Audio device for therapeutic tracks
High-resolution music play an important role in the listening therapy per Prof. Tomatis. But what is high-resolution? In this designation, two factors come into play, namely “bit rate”, or “bits per second”, and sample rate. Regular (“red book”) audio CDs are recorded at 16 bits and 44.1 kHz. The bitrate (16 bits) indicates how many bits are available to the decoder to decode exactly one second of a piece of music. The sample rate (44.1 KHz) indicates how many times per minute the signal is recorded. The higher these values the better the music will sound during playback.
At the Mozart-Brain-Lab and Atlantis institutes, you will learn that, in most cases, we work with a bitrate rate of 24 bits and a sample rate of 48 KHz. Of course, the audio equipment must have the capability to play these rates. For many years, our centers used the audio player from the US company Alesis, which provides 24bit/48 KHz signals to the therapy headsets. Very few manufacturers sell audio players with that level of sound quality. Some of the music tracks were copied to the internal hard drive and played from there. A CD holds about 30mn of music for the therapy, while the Alesis hard drive has a storage capacity for 30 hours of music. Unfortunately, Alesis has discontinued the development and production of the Alesis Masterlink ML-9600.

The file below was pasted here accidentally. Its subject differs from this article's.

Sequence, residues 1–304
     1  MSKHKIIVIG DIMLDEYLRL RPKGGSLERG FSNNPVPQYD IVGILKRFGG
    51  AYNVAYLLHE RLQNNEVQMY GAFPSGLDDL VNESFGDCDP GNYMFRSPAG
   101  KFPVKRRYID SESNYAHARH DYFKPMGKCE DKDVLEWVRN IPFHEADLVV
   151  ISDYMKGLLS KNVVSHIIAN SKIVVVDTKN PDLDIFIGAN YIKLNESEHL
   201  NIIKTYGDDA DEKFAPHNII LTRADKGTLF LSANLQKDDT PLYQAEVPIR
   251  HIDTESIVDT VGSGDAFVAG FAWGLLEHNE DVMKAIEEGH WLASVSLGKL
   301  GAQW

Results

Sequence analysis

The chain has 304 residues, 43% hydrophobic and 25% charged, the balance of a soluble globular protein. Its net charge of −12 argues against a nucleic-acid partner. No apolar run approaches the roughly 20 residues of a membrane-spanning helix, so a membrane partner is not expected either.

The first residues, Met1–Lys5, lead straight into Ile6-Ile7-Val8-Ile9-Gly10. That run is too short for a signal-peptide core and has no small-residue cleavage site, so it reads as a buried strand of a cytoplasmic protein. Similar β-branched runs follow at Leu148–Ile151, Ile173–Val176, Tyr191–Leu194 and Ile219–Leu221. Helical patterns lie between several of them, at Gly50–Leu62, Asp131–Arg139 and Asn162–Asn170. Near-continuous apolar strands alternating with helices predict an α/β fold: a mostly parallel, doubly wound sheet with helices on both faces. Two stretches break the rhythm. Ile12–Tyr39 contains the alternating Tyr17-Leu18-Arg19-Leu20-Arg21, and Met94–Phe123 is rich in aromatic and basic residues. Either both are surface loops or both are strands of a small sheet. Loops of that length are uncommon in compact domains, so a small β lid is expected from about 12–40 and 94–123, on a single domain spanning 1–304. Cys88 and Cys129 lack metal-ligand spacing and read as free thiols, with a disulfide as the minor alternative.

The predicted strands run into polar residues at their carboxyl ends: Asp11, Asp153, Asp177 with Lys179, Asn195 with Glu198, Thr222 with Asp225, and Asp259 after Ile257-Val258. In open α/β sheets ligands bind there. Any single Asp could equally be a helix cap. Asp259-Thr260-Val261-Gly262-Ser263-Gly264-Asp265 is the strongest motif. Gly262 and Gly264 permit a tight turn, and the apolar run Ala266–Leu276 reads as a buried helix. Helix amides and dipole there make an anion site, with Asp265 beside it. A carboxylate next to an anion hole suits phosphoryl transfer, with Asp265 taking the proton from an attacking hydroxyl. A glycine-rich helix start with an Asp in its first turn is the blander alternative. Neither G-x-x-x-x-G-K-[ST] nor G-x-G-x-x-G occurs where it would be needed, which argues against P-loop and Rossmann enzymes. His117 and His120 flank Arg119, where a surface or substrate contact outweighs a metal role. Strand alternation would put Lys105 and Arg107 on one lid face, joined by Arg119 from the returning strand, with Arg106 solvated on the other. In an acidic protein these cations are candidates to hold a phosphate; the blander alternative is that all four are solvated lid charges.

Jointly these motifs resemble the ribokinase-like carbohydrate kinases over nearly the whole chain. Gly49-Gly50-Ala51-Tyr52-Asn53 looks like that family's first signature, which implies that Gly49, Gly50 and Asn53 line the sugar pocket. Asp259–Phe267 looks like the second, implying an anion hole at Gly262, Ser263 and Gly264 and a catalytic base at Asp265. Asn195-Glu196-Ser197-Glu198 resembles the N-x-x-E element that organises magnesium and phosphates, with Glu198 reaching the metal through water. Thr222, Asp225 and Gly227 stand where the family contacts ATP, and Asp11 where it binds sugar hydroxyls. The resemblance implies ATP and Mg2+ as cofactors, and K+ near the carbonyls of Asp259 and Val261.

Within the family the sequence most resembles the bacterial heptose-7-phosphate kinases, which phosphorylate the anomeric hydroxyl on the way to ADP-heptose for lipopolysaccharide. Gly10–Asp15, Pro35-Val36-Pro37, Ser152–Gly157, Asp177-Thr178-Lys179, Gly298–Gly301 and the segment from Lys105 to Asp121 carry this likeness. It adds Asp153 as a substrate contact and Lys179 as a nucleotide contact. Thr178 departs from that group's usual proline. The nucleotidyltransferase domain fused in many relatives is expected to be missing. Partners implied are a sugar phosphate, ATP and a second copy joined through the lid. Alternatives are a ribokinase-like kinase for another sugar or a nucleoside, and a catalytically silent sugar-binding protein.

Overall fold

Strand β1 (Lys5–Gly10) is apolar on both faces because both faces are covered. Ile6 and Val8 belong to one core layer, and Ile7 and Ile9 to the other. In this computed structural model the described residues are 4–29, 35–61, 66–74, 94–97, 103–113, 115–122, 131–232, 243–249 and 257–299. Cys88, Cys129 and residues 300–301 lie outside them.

As they did for the Brain-Activator, the MBL team members proceeded to develop a new audio player specially designed to meet the operating needs of the therapy. The new device needed to meet several requirements: Extra-large storage capacity for large audio files – so that CDs could be eliminated; the possibility to troubleshoot technical issues remotely via internet, and the capability to upload or play music tracks via USB. The "MBL APP system 501" fulfills all these requirements and even offers the possibility to work with the higher
sample rate of 96 kHz. As a matter of fact, from a conversation with Professor Tomatis, Jozef Vervoort learned that a greater bandwidth would probably have an even better effect. In Tomatis' time, only analog players could provide such a high resolution, and no digital devices could compete with these standards. Still today, serious music lovers swear by this high resolution, 24 bit/96 KHz sound quality for their home audio equipment. Music can now be played in the same sound quality as it was produced in the studio. The format for storing these music tracks is called FLAC (Free Lossless Audio Codec). This compression format is practically lossless and can process enormous amounts of data. The next quality level would be 24 bits and 192 khz.
The MBL APP System 501 player has room for more than 700 music tracks, which can respond to the needs of any and all centers. And there is still plenty of storage space for mother voice recordings. New tracks can be uploaded via the USB ports. If needed, the device can be troubleshot remotely via internet connection.
Picture above: Jacob Hertigers works Mozart Music and Gregorian chants for use in the therapy.